Sure, Stewart still makes a mistake now and then—this fall's race at Talladega is the most recent example—but you won't find a tougher opponent or greater friend than the man who drives the No. 14 Chevrolet.
Cale Yarborough came out of South Carolina to become one of the most dominating drivers NASCAR saw in its first 35 years of competition.
He was the first NASCAR champion to win three championships in a row (1976-78), and he held that distinction for 30 years until he was supplanted by Jimmie Johnson's five titles in a row.
Yarborough's tenaciousness behind the wheel not only led to 83 career wins as well as the aforementioned three championships, but like David Pearson and Richard Petty, he was also one of the most naturally talented drivers NASCAR has ever seen.
He made the difficult look easy and was at the forefront when NASCAR began its explosion of popularity, dating back to his nationally-televised tangle with Donnie Allison in the 1979 Daytona 500.
The funny thing is that Yarborough, who remained out of the spotlight for many years after retiring as an active driver, is actually the shy and quiet type. If you didn't know he was one of the most feared and toughest drivers in the sport's history, you'd think he was a kindly grandfather.
But beneath that quiet exterior lies the heart of one of the sport's greatest winners and champions.
Sadly, one of the realities of NASCAR racing has been a number of great drivers who were killed in the prime of their racing careers.
We saw it most recently with Dale Earnhardt in 2001, along with others including Curtis Turner.
Another driver cut down in the prime of his racing career was Glenn "Fireball" Roberts, whose life ended at the far-too-young age of 35, dying more than a month after a terrible crash at Charlotte in 1964.
Charlotte Motor Speedway was the only superspeedway in the south at which Roberts never won. He decided to give it one more try in the World 600 (now known as the Coca-Cola 600) before he was set to retire to a desk job with a brewing company. Unfortunately, he wrecked on the eighth lap of the race, with Ned Jarrett helping to pull Roberts to safety.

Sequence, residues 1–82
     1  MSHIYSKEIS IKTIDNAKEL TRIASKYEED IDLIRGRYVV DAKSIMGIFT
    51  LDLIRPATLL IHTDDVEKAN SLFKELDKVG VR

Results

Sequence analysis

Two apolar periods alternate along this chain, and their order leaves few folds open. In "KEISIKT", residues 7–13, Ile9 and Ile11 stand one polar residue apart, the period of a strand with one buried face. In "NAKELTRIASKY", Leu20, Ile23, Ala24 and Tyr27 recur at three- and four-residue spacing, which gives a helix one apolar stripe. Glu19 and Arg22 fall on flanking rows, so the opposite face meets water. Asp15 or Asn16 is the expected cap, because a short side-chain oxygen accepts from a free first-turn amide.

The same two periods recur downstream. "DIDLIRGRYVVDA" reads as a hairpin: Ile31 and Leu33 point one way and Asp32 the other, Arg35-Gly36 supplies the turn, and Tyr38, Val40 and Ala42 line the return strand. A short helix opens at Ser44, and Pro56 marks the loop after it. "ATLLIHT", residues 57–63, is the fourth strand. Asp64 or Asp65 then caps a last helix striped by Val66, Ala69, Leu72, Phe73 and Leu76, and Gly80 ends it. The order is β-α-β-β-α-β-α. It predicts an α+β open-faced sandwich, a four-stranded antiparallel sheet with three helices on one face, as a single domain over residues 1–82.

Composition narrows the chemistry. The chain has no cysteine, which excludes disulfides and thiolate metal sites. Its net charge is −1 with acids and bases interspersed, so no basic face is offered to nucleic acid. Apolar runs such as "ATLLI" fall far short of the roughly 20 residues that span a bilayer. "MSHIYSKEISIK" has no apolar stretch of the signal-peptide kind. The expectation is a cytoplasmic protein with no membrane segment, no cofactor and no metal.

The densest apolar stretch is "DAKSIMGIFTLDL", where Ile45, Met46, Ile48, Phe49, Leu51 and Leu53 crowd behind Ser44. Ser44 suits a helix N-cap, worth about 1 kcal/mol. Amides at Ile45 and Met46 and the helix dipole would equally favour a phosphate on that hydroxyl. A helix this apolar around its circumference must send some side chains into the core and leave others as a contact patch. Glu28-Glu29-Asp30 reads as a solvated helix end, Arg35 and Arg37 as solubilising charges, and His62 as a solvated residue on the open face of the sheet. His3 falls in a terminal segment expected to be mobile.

Sadly, he would be hospitalized for 39 days before finally succumbing to a combination of the burns and physical trauma he suffered in the wreck.
Still, Roberts did a tremendous amount of racing in his career, including 33 Cup wins. He was the kind of driver that would race a competitor perhaps harder than he had ever been raced in his career.
Of particular note was when he teamed in 1959 with the legendary Smokey Yunick. They made the most feared duo in the sport at the time, far more feared than other luminaries of the time including Lee and Richard Petty and David Pearson.
Roberts' tombstone speaks volumes not only of the man he was, but also the feared driver he was:
"He brought stock car racing a freshness, distinction, a championship quality that surpassed the rewards collected by the checkered flag."
Joe Weatherly was one of the first stars NASCAR had, and he continued in that role for several years as not only one of the most popular drivers but also the most dominating drivers of his era.
How dominating? In one stretch early on in his career, he won an incredulous 49 of 83 races (NASCAR and other series). He went on to win two NASCAR Grand National championships in 1962 and 1963.
But like Dale Earnhardt and Curtis Turner, Weatherly's career ended way too soon when he died in a wreck in 1964.
He was one of the most competitive drivers the sport has ever known. If there's any regret, it's that Weatherly never was able to realize even greater stardom, popularity and notoriety.
Another of NASCAR's early stars, Curtis Turner was one of the hardest and toughest competitors of his day.
From a racing career that began by finishing last in an 18-driver race in 1946, Turner was never the type to let adversity sidetrack him. In fact, after his auspicious debut, he went on to win the very next race he entered.
He would go on to win over 350 races across several racing series, including 17 in NASCAR's Grand National circuit.
In an ironic twist, after the deaths of Joe Weatherly and Fireball Roberts, NASCAR turned to Turner to help bring the sport back from those tragedies, only to have him also fall victim to a crash of another type—a plane crash in Pennsylvania in 1970.
Before his career abruptly came to an end in 1988 in a near-fatal wreck, Bobby Allison was one of the most feared drivers in the Cup circuit and also a founding member of the legendary Alabama Gang.